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Analysis: Japan crisis not in beholder's eyes

Street homeless presage worse to come if global recession hits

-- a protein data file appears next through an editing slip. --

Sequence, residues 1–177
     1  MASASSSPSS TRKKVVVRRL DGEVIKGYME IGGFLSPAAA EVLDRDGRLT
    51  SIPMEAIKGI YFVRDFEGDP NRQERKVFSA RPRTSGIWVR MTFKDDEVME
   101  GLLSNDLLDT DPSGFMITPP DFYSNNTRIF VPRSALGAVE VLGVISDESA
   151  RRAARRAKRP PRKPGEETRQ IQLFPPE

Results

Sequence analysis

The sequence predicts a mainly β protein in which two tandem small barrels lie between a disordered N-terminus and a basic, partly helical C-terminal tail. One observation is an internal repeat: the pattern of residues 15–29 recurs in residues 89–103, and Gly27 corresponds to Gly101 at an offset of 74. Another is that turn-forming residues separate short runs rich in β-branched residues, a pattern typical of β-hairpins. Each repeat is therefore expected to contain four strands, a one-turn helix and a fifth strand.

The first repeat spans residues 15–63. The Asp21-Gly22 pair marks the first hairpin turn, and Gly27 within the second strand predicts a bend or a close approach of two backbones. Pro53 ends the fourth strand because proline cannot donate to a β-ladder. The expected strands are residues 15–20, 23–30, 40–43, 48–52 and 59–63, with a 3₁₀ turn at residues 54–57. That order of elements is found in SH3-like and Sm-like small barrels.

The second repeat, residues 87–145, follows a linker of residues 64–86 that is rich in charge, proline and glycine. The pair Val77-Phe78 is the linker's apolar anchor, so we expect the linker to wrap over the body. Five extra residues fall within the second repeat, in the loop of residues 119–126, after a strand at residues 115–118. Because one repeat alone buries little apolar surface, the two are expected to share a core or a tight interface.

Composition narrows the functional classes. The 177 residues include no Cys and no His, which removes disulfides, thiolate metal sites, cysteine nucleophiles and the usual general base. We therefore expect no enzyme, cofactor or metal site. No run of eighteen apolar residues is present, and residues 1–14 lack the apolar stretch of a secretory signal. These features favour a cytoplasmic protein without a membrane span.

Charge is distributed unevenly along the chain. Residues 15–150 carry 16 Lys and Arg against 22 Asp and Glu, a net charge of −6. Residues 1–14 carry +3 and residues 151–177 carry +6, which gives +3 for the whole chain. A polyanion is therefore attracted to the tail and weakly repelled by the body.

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From the 22nd floor of the Grand Hyatt you have a good view of the city of Tokyo at sunrise. Look down, and you can see a park full of cardboard boxes and their homeless inhabitants being cleared out of sight by security before the financial district wakes up for another day of share trading. Japan’s financial crisis shows little if any sign of improving. Last week, Mitsubishi and Hitachi posted bad six monthly figures, while many of the trust banks, which hold people’s pension funds and savings, warned that they would be in the red, possibly for two years. The week before, Toshiba filed its first losses for 23 years. But on the face of it, there are no problems whatever. The streets of Tokyo, Yokohama and Kyoto all bustle with life and seem to buzz with energy. There are big problems with the economy, but like Tokyo and Kyoto’s homeless, they are not necessarily visible to the naked eye. According to Yasuo Nishiguchi, a senior executive at Kyocera, many of the problems stem from a period four or five years ago when the big banks loaned big money to conglomerates, which then spent the money on schemes both at home and abroad which could never deliver their returns on investment. Will big combines like Hitachi, Mitsubishi and Toshiba cope with their poor financial results by laying off staff and cutting other overheads? That is very unlikely but not completely impossible. They are reluctant to do so because it flies in the face of the “jobs for life” philosophy which Japanese big business espouses. That does not bode well for subsidiaries of Japanese business overseas and means it is very likely that we will see job cuts here and in other countries before they happen in the domestic market. Companies including Toshiba and Hitachi attribute many of their problems to the slump in the semiconductor market, particular in memory products. At the same time, they are afflicted by the other economic woes of Japan, while the yen is crucified on the foreign exchange markets. Nor do the combines share the optimism of the Semiconductor Industries Association (SIA) or market research company Dataquest, both of which have predicted a recovery in the market in mid-1999. Kyocera is a manufacturer of ceramic packaging for the semiconductor business and it,too, has been hit by the worldwide oversupply and slump in demand. While the $40 billion company has fared better than Toshiba, which recorded its first loss in 23 years, Kyocera’s interim six month figures showed a 34 per cent drop in profits. Its chief financial officer, Hideki Ishida, said that while his company will be able to recover its position, partly due to a switch in production from ceramic to plastic packaging, the outlook in the semiconductor market is not brilliant. That, he said, is because the Japanese companies expected to see the US and some of the major European economies decline in 1998. Kyocera is attempting to re-engineer its business model and concentrate on its mobile business to weather the storms that it believes are buffeting the world economy. But that, said Ishida, will not be easy. “Our profitability indices are not acceptable because we’re going through a pretty heavy transition,” he said. “Our competition in Japan are feeling the same or even tougher conditions.” At best, he said, Kyocera will be able to reduce its six month’s profit drop of 34 per cent to 20 per cent for the whole year. To help the company turn round, Ishida said it was increasing its production of MR (magneto-resistive) heads for the hard drive business and fibre optic products, as well as shifting its emphasis on home domestic sales of its mobile products to worldwide sales, based on its joint venture with Motorola on the Iridium satellite project. It would also seek to capitalise on its Daini Denden (DDI) telecomms business. Japanese companies generally will cut prices, he said. “This year we see a pretty clear sign of reductions in the market with people downsizing in terms of price,” he said. “The corporations will have a hard time because of the quality of their management. They need to be supported by their customers. Big banks used to form industrial groups and support them. These will dissolve and organisations will have to stand on their own feet. Money should come from investors, especially investors on a global basis.” There are underlying signs, that for Japanese manufacturers, things will get worse, not better. The big combines are supported by thousands of small and medium sized companies which make the tools, design the technology and provide the innovation exploited by the majors. These smaller companies are fast disappearing, unable to survive the rough seas of financial woe. While the Japanese government has attempted to give a fillip to domestic consumption by providing each citizen £250 to spend on electronic goods for Christmas, there is little sign that consumer demand is increasing. In downtown Tokyo, the 500 metre long Akihabara street, with over 400 electronics shops, and which accounts for annual domestic sales of 350 billion yen, is virtually deserted. The street accounts for six per cent of total domestic sales but few are buying. There are only small differentials between the different jobs in large Japanese companies and many rely on bonuses, which can account for as much as a third of overall take-home pay. Those bonuses are only paid if companies are doing well. In Japan’s ancient capital, Kyoto, things are only a little better than in Tokyo. The homeless are there if you look for them, sleeping in cardboard boxes in doorways. In the morning, there is no sign of them whatever. Whether they are moved on by the police or disappear because of their own shame at their condition is unclear. ®